Brodie, do you feel like you balance Johnny’s frenetic energy?

Jenkins: We bring out different sides of each other, and push each other, and challenge each other. Making music can be really taxing and difficult and frustrating at times, and one of the things that I have been continuously mindblown by Johnny is his endless fountain of energy. I’ll be feeling drained or downhearted about something… and he’s got this spark. And he’s also is kind of brutal. He’ll kick me into the next gear and force me to work through the bullshit.

Tell me how you came to be signed to Neon Gold Records. Label owner Lizzy Plapinger, of MS MR, is also a musician and business owner. Is she somewhat of a role model for you?

Jenkins: Absolutely.

Hwin: Role model, home girl, muse.

Jenkins: She’s our boo. We love Lizzy. One of the reasons we were stoked to work with Neon Gold is because we super-resonated with Lizzy and (label co-founder) Derek (Davies).

How did they sign you?

Jenkins: We put out “Unbound,” and it was almost a shot in the dark. We had no idea what people were going to think. We reached out to a few blogs … and I remember seeing Neon Gold’s blog post the same day or maybe the day after, and we were (excited) Neon Gold wrote about it. And then they reached out to us after that. And then MS MR was playing at the Independent. When she was on a break, we frolicked in Dolores Park.”


Radio Roman: “Pass the Rain” - Only Real

That first surf riff seals the deal for me; I’m completely sold on the entire song from that point on. I’ve had the song on repeat for a week. Only Real is from London, and that’s pretty much all I know. That typically wouldn’t be enough to type in this space for me to share a song… but then, this song… this song.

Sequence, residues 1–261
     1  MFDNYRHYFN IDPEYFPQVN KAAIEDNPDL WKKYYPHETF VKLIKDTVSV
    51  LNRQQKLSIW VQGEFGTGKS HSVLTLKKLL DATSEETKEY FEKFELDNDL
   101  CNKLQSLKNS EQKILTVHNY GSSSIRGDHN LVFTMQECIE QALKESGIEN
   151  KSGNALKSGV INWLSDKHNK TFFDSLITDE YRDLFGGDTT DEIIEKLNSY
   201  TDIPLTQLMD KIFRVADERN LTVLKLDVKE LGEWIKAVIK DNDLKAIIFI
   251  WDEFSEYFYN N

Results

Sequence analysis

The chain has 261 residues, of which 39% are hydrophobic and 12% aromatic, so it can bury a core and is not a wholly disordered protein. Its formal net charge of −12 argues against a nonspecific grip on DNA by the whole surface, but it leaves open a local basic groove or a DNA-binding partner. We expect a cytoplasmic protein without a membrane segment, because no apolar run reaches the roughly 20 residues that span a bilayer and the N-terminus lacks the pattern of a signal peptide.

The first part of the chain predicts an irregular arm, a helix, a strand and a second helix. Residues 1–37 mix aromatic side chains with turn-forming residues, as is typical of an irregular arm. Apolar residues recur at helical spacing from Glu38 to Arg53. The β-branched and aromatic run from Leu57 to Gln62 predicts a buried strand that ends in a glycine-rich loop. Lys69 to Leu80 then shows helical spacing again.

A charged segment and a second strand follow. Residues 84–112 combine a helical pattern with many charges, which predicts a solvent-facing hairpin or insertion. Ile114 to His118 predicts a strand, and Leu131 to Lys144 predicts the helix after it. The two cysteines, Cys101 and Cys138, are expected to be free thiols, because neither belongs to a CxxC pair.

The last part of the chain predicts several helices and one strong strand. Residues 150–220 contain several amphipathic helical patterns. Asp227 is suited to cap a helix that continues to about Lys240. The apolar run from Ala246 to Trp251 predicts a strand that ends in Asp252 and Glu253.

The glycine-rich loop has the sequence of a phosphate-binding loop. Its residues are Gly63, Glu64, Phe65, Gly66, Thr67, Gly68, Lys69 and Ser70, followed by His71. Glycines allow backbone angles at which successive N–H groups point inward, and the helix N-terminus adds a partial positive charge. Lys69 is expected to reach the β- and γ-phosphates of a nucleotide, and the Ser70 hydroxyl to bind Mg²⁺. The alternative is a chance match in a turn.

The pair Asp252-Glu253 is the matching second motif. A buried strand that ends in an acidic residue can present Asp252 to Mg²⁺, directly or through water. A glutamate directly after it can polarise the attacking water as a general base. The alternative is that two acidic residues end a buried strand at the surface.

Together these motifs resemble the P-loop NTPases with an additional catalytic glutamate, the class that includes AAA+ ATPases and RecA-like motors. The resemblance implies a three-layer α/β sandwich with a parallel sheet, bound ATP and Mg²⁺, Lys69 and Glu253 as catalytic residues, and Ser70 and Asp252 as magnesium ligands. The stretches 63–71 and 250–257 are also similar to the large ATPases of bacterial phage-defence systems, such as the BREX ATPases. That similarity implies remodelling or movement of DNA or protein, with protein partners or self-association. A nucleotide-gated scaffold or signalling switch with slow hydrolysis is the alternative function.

Only Real

Radio Roman: “Run With The Wild Ones” - Jen Wood

Jen Wood sang harmony with Ben Gibbard on the Postal Service’s “Nothing Better,” but she’s got a solo career of her own. The Seattleite’s got an album coming out this fall, and this is the first taste from it.

 Jen Wood

Review, photos and video: Jack White and Curtis Harding at Bill Graham Civic, Aug. 23.

Catch the earth-shaking review at The Bay Bridged.

The video was filmed in HD, so you can increase the size of the window and quality. Sorry about the shakiness. There was a crowd surge during this song.

Radio Roman: “Good and Ready” - Anthony D’Amato

I’ve always known Anthony D’Amato not as a musician, but a publicist (thanks for hooking me up with my Macklemore interview, yo). So a couple of months ago, I was surprised to get a bounce-back email that said he had left his day job to pursue music full-time. The email included links to a couple of songs, at Spin and NPR (so I really should of heard them before). Luckily, Anthony emailed me a copy of his upcoming debut album (released next month; most of which is absolutely terrific, by the way). Here’s one taste, with an endearing video that could really be the plot of a coming-of-age movie.

Anthony D'Amato

Outside Lands Q&A: Vance Joy is today’s singer-songwriter, tomorrow’s librarian
Check out my interview with Vance Joy in The Bay Bridged.

For all of my Outside Lands coverage, including artist interviews (before and AT Outside Lands), a festival preview, live high-def videos and more, visit the archive.

For previous interviews of artists who performed this year, go HERE.

Vance Joy

Outside Lands Q&A: Night Terrors of 1927 prone to accidents, accidentally starting bands

Check out my interview with Blake Sennett and Jarrod Gorbel in The Bay Bridged.

For all of my Outside Lands coverage, including artist interviews (before and AT Outside Lands), a festival preview, live high-def videos and more, visit the archive.

For previous interviews of artists who performed this year, go HERE.

Night Terrors of 1927